Sorry to Bother You (2019): Satirical Anarchy
Boots Riley’s directorial debut, Sorry to Bother You (2018), starts off strong as an absurd, captivating tale but slowly spirals into a story that becomes so detached from reality that its message struggles to squeeze through. Undoubtedly, this is one of the more original and ambitious films to take on concepts that will, inherently, speak to some more than others.
Cassius Green (LaKeith Stanfield) is broke. Living in an alternate version of Oakland, California, his uncanny ability to put on a “white voice” when selling over the phone soon has him climbing the ranks of a shady telemarketing company. In the midst of what could be considered the start of a political revolution, Cassius’ newfound talent Moving out of his uncle’s garage into a sleek apartment with girlfriend (Tessa Thompson) in a matter of days, will Cassius take on this new life of luxury or will it take over him?
Riley has solidified himself as a fresh voice providing a bizarre yet enthralling take on the state of the working class’ view on the black community. The character of Cassius is thought provoking and destructively honest – a characteristic definitely influenced by Riley’s early experiences as an activist and self-described ‘radical’. Making sure to keep as many skills under his belt, Riley is not only responsible for directing Sorry to Bother You, but writing the screenplay. It sounds like this has been a project for a long time, too.
With Riley also being the front-man for the revolutionary-charged band The Coup, Sorry to Bother You made its first appearance all the way back in 2012 as the band’s sixth studio album. Inspired by his film script but lacking the funds to produce it, the album mimics a large majority of the narrative’s anxieties on urban America’s reputation for discrimination.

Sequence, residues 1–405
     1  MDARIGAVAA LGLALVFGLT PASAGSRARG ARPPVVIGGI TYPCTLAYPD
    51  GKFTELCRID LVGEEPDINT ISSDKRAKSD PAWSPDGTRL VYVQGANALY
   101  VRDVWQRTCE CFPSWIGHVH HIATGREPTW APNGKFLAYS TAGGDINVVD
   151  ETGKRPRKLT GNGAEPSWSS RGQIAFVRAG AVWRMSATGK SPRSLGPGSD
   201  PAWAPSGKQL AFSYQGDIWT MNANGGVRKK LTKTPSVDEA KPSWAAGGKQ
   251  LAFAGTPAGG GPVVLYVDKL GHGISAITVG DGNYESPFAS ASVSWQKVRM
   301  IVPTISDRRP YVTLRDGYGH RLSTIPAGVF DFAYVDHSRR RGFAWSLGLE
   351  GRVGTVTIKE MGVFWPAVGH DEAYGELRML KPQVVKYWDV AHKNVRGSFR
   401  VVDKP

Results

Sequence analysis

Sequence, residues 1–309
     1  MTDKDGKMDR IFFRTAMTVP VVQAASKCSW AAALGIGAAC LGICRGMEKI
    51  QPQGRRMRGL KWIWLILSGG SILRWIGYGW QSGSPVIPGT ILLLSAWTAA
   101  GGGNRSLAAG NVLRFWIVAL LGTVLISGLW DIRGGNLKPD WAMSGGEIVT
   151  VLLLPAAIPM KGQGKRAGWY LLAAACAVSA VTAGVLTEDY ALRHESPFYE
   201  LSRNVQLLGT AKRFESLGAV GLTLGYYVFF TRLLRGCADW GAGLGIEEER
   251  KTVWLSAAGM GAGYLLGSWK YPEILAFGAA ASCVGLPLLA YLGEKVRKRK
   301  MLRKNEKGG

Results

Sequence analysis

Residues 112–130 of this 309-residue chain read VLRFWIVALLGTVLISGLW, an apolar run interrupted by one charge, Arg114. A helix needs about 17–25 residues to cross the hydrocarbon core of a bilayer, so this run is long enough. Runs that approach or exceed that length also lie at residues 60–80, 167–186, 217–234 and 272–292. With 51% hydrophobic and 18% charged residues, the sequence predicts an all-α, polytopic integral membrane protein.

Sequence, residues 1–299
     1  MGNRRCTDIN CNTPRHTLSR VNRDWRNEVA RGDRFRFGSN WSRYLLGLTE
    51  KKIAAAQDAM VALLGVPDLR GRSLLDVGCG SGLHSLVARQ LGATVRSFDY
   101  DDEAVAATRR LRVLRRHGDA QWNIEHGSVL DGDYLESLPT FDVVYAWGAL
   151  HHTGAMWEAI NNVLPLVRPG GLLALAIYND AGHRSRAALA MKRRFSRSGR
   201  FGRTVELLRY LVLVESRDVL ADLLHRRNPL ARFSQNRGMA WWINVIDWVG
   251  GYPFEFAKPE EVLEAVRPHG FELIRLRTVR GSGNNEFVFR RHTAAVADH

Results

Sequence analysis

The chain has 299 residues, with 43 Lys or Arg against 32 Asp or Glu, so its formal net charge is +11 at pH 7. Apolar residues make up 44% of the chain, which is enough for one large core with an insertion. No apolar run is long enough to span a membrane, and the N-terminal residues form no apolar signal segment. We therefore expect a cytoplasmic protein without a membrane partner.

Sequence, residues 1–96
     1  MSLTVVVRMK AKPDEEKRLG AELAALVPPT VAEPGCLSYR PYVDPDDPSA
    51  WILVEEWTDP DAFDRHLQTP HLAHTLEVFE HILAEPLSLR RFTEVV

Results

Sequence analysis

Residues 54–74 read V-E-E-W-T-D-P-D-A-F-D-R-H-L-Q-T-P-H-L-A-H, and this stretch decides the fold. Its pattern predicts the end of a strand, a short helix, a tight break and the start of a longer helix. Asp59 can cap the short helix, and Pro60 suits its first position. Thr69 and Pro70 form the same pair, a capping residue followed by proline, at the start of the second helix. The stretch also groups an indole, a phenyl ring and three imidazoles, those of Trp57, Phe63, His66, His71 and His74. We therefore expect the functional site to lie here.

I got scars on my backThe Coup – “The Magic Clap” (Sorry to Bother You, 2012)
The truth on my tongue
I had the money in my hand when that alarm got rung
We wanna breathe fire and freedom from our lungs
Tell homeland security
We are the bomb
Sorry to Bother You (for the most part) tells a story that feels sickeningly believable all while upholding its absurd alternate reality setting. The film juggles themes of racial oppression with a universally understood image of Western poverty – working a minimum wage job. Revolving the premise around a mundane and restrictive setting of a telemarketing office enabled Riley to shock and surprise viewers with his artistic vision.
By shifting sets to visualise how intrusive telemarketing is, Riley is commenting on the alienation of minority figures in a wealthy, white, consumerist state like California. By having Cassius masquerade as “one of them” as the film calls it, Riley is making it crystal clear how dismissive the populous majority are towards people of colour and ethic background. Entwined with the politically strained streets of Oakland (chosen after Riley’s hometown), the all-minority cast are constantly finding themselves in the line of fire over matters that aren’t even relevant to them.
Riley’s story isn’t one of reclusive work and immediate stardom, his work and ambition can be traced back year by year. Whether it be his involvement with the Occupy Oakland political movement or his frequent guest appearances in online media, Boots Riley is simply adding another notch to his belt of accomplishments. And he’s doing a damn fine job of it too.
Sorry to Bother You is exactly how to engage a majority public in a debate that only concerns the minority. In taking a harsh and too-real-to-stomach issue, blowing it up to eugenic proportions and providing an alternate (yet disturbingly familiar) reality, Riley has managed to captivate viewers of all backgrounds and explain his viewpoint in a way that we all can act upon.
“I think that what I tried to convey in this is that through all the craziness, there’s an optimism that comes when you realize there’s a way to fight back.”Boots Riley, 2018, Times Magazine [online]